Two equal magnitude, opposite sign charges are located at either end of a molecule of mass M and length l. The molecule rotates end over end (a nonrelativistic tumbling motion) with an initial rotational period T (cT >> l). How long will it take the molecule to lose 1/10 of its rotational energy by electromagnetic radiation?
Let E0 = E0 k. The Abraham-Lorentz
force equation for a damped, charged, oscillator driven by an electric field
E0exp(-iωt) in the dipole approximation is
d2r'/dt2 + Γ dr'/dt - τ d3r'/dt3 + ω02 r' = (q/m)E0exp(-iωt),
where Γ, τ, and ω0 are constants, q is the charge and m is the mass of the oscillator.
Using this and the expression for the radiation electric field, Erad(r,t) = -(4πε0)-1[(q/(c2r'')]a⊥(t - r''/c), where r'' = r - r'(t - |r - r'|/c), show that the differential cross section for scattering of radiation of frequency ω and polarization n = (θ/θ) is
dσ/dΩ = (e2/(mc2))2 (k∙n)2[ω4/((ω02 - ω2)2 + ω2Γt2)],
where e2 = q2/(4πε0) and Γt = Γ + ω2τ.
For a dipole antenna at the origin with complex electric
dipole moment p(t) = p0exp(-iωt) k the electric and
magnetic fields in the far (radiation) zone are
E(r,t) = Eθ(θ/θ), Eθ = -[1/(4πε0)](p0/k2)(sinθ/r)exp(i(kr - ωt)), k = ω/c,
B(r,t) = Bφ(φ/φ), Bφ = Eθ/c.
(a) If the real dipole moment is p(t) = p0cos(ωt) k with p0 real, what is the instantaneous power radiated per unit solid angle, dP(r,θ,φ,t)/dΩ? What is the time average?
(b) If there is a second dipole at -d0 with p(t) = p0cos(ωt + α) k, with kd0 << 1, what is the instantaneous power radiated by the pair of dipoles in the x-z plane, dP(r,θ,φ,t)/dΩ?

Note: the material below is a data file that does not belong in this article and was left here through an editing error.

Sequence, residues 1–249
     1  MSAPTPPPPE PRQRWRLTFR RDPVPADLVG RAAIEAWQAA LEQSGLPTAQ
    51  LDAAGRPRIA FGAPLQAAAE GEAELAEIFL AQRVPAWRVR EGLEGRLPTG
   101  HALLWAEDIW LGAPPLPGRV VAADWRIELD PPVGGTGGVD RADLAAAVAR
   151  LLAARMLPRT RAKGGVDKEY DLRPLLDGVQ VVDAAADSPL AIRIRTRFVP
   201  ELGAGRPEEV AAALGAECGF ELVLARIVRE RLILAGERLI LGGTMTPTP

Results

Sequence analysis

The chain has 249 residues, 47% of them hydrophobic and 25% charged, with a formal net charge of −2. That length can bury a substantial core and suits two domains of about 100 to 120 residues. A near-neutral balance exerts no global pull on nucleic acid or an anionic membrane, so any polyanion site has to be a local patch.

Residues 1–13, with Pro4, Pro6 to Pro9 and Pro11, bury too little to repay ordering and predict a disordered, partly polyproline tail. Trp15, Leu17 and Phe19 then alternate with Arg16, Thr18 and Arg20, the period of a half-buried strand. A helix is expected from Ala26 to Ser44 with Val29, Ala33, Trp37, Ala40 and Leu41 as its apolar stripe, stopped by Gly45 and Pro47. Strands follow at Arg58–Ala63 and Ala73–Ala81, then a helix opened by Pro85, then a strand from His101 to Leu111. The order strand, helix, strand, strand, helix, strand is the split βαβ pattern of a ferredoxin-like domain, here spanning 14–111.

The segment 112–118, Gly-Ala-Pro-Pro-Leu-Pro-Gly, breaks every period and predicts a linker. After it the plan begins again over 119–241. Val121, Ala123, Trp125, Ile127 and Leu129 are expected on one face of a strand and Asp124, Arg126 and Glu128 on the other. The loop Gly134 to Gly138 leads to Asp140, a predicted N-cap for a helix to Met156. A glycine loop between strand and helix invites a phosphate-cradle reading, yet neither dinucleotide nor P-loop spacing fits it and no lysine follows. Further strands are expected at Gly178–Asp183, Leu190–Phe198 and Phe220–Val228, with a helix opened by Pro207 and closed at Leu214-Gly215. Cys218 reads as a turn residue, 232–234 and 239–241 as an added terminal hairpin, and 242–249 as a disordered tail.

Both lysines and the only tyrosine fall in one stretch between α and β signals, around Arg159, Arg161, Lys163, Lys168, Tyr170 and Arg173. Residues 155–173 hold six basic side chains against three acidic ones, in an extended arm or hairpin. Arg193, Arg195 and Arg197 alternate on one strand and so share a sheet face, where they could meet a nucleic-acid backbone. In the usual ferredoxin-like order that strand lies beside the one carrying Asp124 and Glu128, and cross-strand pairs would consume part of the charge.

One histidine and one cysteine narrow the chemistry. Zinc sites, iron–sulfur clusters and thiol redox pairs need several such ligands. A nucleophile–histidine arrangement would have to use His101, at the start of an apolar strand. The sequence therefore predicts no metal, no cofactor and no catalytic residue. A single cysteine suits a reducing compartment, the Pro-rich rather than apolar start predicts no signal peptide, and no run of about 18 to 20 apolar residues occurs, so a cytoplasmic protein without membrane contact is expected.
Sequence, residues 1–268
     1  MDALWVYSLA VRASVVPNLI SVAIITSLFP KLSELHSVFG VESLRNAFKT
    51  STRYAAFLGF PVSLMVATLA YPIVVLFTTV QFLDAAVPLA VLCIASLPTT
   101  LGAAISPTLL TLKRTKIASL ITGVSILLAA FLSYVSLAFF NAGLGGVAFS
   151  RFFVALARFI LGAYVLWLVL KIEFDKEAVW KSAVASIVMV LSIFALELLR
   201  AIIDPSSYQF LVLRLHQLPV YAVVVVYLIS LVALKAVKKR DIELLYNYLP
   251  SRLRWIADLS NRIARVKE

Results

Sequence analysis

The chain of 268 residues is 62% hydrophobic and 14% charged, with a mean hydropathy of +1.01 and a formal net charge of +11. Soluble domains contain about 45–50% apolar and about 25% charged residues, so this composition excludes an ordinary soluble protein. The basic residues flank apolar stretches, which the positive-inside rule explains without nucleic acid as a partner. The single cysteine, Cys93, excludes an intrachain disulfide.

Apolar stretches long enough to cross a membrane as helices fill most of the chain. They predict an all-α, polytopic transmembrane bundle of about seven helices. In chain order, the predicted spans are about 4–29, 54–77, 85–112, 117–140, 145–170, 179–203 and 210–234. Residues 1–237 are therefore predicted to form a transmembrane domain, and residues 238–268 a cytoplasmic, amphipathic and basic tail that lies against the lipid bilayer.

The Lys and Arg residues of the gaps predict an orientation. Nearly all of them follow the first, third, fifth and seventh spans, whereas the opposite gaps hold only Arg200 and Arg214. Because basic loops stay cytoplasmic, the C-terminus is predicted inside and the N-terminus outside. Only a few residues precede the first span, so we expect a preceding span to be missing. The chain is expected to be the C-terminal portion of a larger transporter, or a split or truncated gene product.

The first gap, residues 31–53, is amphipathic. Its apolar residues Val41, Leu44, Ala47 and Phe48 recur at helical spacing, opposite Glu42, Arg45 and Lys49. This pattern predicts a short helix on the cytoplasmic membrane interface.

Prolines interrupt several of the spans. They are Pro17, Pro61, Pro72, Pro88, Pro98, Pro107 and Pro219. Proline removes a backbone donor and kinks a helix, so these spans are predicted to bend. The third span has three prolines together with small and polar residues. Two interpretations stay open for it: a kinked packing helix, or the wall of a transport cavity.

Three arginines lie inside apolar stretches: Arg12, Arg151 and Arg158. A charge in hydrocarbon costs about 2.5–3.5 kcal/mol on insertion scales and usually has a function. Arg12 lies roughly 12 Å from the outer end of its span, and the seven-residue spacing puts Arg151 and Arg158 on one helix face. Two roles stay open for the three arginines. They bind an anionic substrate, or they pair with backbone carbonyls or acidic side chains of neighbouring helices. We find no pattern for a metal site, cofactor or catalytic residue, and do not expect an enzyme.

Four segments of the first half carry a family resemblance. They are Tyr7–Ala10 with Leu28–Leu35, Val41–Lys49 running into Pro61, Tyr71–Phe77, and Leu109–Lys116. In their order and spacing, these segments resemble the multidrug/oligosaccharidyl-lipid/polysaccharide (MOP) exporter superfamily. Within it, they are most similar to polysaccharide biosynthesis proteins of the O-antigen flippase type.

What is the time average? What are the minimum and maximum values of the time average with respect to variations of the phase α?
(c) A large number, N, of dipoles, as above, is located near the origin with Nkd0 << 1 and with phases α0 randomly distributed. What is the time averaged dP(r,θ,φ,t)/dΩ for the system?
A thin linear antenna of length d is excited in
such a way that the sinusoidal current makes a full wavelength of oscillation as shown in
(a) Calculate the power radiated per unit solid angle and plot the angular distribution of the radiation.
(b) Determine the total power radiated and find a numerical value for the radiation resistance R by setting <P> = <I2>R. You can leave your answer in integral form.
A non-relativistic positron of charge qe and velocity v1 (v1 << c) impinges head-on on a fixed nucleus of charge Zqe. The positron which is coming from far away (∞), is decelerated until it comes to rest and then accelerated again in the opposite direction until it reaches a terminal velocity v2. Taking radiation loss into account (but assuming it is small), find v2 as a function of v1 and Z.